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Thursday, 27 October 2016


Recent work in the Journal of Molecular Biology has described how advances in technology and biology could produce a three-dimensional computer model of cells, something that has so far been elusive. Such a development could revolutionize biomedical research and have tremendous impact on human and animal health and well being.

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"Cells are the foundation of life," explained one co-author of the paper, Ilya Vakser, a Professor of Computational Biology and Molecular Biosciences and Director of the Center for Computational Biology at the University of Kansas. "Recently, there has been tremendous progress in biomolecular modeling and advances at understanding life at the molecular level. Now, the focus is shifting to larger systems -- up to the level of the entire cell. We're trying to capture this emerging milestone development in computational structural biology, which is the tectonic shift from modeling individual biomolecular processes to modeling the entire cell."

The study reviews a variety of techniques that aim at simulating a 3D cell; the investigations of complex biological networks, automated 3D cell model creation using experimental data, the modeling of protein interactions and protein complex formation, modeling of cell membranes and the kinetic and thermodynamic impacts of crowding on those membranes, and the architecture of chromosomes are all included.

"A lot of techniques that are required for this are already available -- it's just a matter of putting them all together in a coherent strategy to address this problem," explained Vakser. "It's hard because we're just beginning to understand the principal mechanisms of life at the molecular level -- it looks extremely complicated but doable, so we're moving very fast -- not only in our ability to understand how it works at the molecular level but to model it."
These disparate techniques can be woven together, say the authors. Taken together, the methods can enable a better "understanding of life at the molecular level and lead to important applications to biology and medicine."

"There are two major benefits," Vakser continued. "One is our fundamental understanding of how a cell works. You can't claim you understand a phenomenon if you can't model it. So this gives us insight into basic fundamentals of life at the scale of an entire cell. On the practical side, it will give us an improved grasp of the underlying mechanisms of diseases and also the ability to understand mechanisms of drug action, which will be a tremendous boost to our efforts at drug design. It will help us create better drug candidates, which will potentially shorten the path to new drugs."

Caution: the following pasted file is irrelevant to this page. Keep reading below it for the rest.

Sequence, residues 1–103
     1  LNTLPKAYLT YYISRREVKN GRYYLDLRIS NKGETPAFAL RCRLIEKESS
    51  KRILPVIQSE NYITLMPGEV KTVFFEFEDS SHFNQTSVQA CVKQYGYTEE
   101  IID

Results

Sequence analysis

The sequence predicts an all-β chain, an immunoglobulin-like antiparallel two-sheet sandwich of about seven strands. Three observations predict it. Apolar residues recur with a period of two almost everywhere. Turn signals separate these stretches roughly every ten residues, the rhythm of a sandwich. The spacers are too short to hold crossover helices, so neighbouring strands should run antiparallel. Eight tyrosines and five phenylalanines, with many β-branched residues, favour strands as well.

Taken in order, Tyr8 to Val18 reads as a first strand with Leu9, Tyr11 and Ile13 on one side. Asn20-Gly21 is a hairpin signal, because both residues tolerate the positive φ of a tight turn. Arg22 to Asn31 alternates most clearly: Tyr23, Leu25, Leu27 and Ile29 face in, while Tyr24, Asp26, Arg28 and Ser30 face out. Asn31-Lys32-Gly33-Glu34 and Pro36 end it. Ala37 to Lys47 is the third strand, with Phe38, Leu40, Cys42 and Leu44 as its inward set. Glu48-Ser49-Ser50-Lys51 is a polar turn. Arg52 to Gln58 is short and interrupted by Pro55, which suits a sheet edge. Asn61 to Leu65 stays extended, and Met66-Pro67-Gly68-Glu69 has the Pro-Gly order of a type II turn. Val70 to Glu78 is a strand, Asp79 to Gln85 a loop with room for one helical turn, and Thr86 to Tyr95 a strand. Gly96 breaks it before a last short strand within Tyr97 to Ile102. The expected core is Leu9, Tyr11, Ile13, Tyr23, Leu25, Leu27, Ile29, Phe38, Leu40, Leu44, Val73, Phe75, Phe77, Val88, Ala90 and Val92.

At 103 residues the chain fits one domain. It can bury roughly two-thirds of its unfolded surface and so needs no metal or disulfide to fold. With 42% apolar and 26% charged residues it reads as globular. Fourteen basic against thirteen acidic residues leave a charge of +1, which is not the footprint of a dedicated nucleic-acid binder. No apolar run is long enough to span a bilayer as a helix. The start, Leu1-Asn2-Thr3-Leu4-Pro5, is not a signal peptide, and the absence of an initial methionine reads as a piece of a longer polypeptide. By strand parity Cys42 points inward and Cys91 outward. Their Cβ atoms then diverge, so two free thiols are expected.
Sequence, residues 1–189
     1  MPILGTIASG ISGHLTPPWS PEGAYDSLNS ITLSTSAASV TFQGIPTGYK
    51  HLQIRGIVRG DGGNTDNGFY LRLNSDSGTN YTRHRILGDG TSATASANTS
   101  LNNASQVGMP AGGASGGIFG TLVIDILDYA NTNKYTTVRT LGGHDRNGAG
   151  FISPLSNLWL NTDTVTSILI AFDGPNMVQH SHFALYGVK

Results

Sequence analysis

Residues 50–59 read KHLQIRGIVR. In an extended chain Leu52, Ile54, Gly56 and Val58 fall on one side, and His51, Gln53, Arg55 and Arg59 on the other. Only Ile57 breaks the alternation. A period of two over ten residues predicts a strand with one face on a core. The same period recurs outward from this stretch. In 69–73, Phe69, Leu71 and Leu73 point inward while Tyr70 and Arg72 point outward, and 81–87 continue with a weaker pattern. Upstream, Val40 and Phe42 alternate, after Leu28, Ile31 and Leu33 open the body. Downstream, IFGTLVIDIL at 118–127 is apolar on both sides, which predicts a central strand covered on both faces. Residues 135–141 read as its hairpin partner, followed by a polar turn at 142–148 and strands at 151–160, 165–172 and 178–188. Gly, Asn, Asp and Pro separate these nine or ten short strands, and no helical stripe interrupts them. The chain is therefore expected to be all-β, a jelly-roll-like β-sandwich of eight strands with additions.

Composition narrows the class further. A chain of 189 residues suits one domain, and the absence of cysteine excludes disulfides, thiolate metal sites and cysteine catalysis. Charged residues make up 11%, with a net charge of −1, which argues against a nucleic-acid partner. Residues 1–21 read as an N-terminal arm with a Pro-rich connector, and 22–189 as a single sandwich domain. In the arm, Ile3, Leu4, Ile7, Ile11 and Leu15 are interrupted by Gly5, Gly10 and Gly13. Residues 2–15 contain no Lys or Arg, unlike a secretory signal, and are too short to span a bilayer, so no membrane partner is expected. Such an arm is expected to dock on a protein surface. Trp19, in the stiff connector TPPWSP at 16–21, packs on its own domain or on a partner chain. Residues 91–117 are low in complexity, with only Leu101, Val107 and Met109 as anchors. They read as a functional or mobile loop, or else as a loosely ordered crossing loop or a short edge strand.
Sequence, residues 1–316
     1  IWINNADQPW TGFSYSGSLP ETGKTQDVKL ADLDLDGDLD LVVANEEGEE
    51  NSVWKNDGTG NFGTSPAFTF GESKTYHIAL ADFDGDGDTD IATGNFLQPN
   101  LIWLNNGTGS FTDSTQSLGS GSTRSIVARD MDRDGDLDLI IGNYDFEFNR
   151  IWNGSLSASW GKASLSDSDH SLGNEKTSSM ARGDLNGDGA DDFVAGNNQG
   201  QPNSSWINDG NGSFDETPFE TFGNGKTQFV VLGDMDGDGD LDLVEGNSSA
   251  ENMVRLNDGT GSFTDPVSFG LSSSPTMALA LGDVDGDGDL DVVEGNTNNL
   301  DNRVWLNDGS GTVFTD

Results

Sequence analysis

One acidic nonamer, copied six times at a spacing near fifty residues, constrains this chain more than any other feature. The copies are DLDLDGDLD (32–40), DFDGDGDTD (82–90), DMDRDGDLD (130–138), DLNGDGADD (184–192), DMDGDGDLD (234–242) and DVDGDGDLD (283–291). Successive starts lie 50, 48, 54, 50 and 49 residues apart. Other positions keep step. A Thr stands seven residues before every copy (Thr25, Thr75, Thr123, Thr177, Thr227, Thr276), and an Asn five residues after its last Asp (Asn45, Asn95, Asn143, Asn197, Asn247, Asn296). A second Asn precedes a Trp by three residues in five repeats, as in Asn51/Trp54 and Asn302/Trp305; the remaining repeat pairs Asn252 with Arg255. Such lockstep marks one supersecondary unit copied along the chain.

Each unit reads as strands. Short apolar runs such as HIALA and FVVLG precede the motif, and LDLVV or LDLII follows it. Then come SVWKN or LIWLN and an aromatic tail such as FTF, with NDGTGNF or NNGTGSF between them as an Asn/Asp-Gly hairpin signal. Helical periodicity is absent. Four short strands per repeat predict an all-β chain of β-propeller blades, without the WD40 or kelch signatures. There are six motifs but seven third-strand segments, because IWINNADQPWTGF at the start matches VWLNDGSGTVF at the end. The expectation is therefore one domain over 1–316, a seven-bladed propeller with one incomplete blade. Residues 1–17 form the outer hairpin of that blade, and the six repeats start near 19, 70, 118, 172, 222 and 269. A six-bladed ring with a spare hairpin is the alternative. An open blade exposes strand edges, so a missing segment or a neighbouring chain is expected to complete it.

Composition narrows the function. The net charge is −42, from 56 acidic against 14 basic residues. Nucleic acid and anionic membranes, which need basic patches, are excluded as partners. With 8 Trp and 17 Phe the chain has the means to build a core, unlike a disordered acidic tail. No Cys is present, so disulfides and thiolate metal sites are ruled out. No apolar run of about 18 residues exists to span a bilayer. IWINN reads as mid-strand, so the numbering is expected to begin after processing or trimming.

Such a 3D cell model could be applicable to many fields. The work that has been done leading to this point has varied levels of precision; in some cases there may be more work to be done in order to understand how various parts of the cell relate to one another.

"We've made advances in our ability to model protein interactions," he said. "The challenge is to put it in context of the cell, which is a densely populated milieu of different proteins and other biomolecular structures. To make the transition from a dilute solution to realistic environment encountered in the cell is probably the greatest challenge we're facing right now."
For now, Vakser suggests work focus on the modeling of straightforward, single-celled organisms. More complex cell types could be developed in the future.

"We go for the simplest cell possible. There are small prokaryotic cells, which involve minimalistic set of elements that are much simpler than the bigger and more complicated cells in mammals, including humans," he said. "We're trying to cut our teeth on the smallest possible cellular organisms first, then will extrapolate into more complicated cells."

s : University of Kansas, Journal of Molecular Biology 



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